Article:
The gig was Ted Nugent, Bob Seger, KISS, and Aerosmith. This was something by the way that Jeff and Curt didn't know about because it was never billed anywhere. So it doesn't show up in KISS Alive Forever. The deal I had with the radio station, I said, "I just need two minutes. If within two minutes KISS does not make the audience go crazy, then you can forget about ever playing them. But if they do, you have to play them like they are the second coming." And Mark agreed to the deal.

So, the show goes on and Seger and Nugent were really good. The audience is going crazy. We are in the audience and the place is jammed. When KISS goes onstage, the first two minutes you could have dropped a pin and hear it fall. These kids didn't know what was going on in front of them. They saw these four guys with the makeup and the stage set -- it was just unbelievable. They were so in awe. The minute Gene spit fire, the place erupted into craziness. And Mark Parenteau looked at me and said, "You win." (laughs) That's what broke KISS in Detroit.

KF: What were the label's biggest successes in terms of sales?
LH: The biggest seller was probably the Village People. The biggest single album, initial sales-wise, not catalog, was this disco record called Santa Esmerelda featuring a disco version of "Don't Let Me Be Misunderstood." Donna Summer and KISS probably both sold similar amounts of albums. KISS had more albums because we made them put an album out every six months. Of course, they didn't want to because they were on the road and they didn't have time to write. And that's one of the reasons -- aside from the fact that we had no money -- that we came out with [i]Alive![/i], which is the album that broke them. We didn't really have enough money to put them back in the studio. We had already recorded a lot of the stuff so that was mostly done, we just had to fix it up with Eddie Kramer.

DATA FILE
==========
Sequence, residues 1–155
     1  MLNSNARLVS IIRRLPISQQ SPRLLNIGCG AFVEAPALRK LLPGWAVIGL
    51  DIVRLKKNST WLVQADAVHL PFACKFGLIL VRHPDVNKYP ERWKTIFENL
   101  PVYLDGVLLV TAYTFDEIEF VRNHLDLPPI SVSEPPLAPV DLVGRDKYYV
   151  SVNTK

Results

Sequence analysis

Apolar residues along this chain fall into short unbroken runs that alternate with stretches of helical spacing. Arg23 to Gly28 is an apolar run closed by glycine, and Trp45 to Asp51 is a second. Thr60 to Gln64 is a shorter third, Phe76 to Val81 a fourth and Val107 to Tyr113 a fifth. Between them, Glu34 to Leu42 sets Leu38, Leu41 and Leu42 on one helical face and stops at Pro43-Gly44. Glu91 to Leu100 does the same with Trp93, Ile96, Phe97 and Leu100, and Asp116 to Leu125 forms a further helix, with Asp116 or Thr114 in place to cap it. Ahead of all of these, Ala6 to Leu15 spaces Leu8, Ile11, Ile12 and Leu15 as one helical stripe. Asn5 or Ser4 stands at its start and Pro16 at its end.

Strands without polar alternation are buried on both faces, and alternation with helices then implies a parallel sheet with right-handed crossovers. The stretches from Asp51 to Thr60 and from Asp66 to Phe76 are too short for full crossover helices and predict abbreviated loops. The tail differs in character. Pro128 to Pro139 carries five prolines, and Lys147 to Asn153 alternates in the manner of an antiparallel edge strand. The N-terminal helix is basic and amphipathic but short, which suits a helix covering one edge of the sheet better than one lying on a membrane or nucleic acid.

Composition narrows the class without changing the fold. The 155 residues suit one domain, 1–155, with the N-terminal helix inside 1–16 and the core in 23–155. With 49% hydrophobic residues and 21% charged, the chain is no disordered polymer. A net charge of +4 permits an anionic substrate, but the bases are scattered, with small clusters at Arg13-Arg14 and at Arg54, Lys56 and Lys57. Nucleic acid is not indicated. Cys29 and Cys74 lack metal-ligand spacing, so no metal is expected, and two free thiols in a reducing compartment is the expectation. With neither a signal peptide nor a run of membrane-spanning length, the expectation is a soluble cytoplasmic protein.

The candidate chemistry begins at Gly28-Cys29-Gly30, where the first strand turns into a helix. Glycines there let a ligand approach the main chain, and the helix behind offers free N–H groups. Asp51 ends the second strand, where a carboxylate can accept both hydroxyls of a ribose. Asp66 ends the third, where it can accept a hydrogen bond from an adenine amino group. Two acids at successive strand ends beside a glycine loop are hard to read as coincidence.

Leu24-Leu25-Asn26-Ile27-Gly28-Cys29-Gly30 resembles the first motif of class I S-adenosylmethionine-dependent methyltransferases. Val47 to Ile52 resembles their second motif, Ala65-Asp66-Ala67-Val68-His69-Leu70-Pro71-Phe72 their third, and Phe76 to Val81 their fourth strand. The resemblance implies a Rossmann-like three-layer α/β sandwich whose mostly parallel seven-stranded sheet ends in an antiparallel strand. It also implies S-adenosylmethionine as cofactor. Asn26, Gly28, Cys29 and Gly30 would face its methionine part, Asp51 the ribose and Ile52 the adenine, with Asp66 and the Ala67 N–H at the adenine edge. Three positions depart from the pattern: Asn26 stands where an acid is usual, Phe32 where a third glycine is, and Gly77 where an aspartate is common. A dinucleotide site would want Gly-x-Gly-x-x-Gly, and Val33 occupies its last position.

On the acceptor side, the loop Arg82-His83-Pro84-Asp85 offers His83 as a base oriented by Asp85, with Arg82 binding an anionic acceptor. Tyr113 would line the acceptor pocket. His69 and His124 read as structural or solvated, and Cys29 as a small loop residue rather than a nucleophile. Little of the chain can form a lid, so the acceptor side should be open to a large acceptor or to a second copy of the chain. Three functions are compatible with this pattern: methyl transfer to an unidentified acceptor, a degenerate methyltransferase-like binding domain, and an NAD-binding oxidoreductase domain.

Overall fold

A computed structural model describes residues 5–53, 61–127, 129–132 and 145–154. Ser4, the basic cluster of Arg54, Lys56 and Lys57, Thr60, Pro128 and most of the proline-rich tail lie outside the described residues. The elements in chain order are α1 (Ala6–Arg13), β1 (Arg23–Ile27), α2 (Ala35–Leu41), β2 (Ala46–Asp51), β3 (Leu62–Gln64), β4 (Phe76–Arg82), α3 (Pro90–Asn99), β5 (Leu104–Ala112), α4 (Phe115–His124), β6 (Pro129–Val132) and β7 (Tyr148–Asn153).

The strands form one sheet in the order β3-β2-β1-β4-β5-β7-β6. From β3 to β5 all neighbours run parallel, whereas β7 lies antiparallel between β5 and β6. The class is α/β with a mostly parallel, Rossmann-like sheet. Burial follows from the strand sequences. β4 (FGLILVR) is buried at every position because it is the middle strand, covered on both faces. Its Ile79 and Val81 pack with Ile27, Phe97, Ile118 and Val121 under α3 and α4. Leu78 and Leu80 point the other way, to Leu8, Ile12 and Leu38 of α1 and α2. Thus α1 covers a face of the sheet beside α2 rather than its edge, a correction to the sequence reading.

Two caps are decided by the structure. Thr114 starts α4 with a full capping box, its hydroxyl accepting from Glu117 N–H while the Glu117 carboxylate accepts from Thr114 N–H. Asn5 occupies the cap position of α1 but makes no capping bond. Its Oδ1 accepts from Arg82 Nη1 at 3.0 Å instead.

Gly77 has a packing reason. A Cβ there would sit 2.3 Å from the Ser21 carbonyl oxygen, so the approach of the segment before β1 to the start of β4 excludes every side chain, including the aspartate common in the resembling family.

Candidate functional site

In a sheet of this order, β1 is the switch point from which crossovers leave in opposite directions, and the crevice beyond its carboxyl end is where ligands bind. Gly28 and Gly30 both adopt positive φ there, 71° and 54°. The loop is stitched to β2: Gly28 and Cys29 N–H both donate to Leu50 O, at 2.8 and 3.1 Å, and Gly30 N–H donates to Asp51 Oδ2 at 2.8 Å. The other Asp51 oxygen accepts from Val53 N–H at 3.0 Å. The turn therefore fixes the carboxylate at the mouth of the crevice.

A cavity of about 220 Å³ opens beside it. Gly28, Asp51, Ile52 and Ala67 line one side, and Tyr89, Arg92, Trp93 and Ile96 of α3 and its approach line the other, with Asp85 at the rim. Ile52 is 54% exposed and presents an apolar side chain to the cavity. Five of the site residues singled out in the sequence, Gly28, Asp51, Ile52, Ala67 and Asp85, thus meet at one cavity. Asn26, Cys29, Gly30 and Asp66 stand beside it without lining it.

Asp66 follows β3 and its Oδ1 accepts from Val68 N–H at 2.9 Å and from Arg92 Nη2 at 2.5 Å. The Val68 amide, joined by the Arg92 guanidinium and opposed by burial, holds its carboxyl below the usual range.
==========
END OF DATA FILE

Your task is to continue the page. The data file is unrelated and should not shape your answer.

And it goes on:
KISS didn't have any new songs at that point so we decided we needed another KISS album to keep the doors open because it would always generate some money. Even though at that point they hadn't sold more than 200,000 records. [i]Alive![/i] came out and just exploded overnight. Thank God for that.

KF: Can you recount the interesting tale that almost resulted in Casablanca signing Rush?
LH: Ira Blacker, who was the first booking agent for KISS, left ATI and was starting his own agency. His first client was Rush. So he called me because I worked closely with him in the beginning with KISS and he said, "I've got this band in Canada that I would like you to see." And I felt obligated, he was a friend.

I go up to Canada to Toronto and go to this little funky club and meet Ira. These guys go onstage and start playing. The music was okay, but I couldn't get past Geddy Lee's nose. I said, "I have KISS, these are not the best-looking guys in rock and roll and they wear makeup." I also had probably the best-looking guys in rock and roll with Angel. I mean, white Angel outfits and a guy with a name like Punky Meadows. How better can you get than a name like Punky for a rock group (laughs)?

To be fair to myself, Rush did not play any of their later hits. They didn't excite me. I spoke to Ira about it years later and he said, "Larry, I never blamed you for not signing the band." He eventually got them signed to Mercury Records, which was good for Mercury.

KF: Would a group like Rush have worked on Casablanca?
LH: I don't know. You know, one of the reasons we signed Angel was we thought them going out with KISS would be a great show. Angel opening up with their white outfits and angelic sound, and then KISS comes on with their black outfits and everything else. We thought that would be great. And Gene was actually friends with Greg Giuffria of Angel, so we thought "No problem."

Well we were having a bit of an argument with KISS at that point and they said, "No, we're not going to take Angel. We're taking this group Rush." Which was probably also a favor to Ira Blacker. So maybe if KISS was still pissed off at us and we had Rush, they wouldn't have taken them. So you never know. I believe in fate and that was the fate of the way it had to fall in.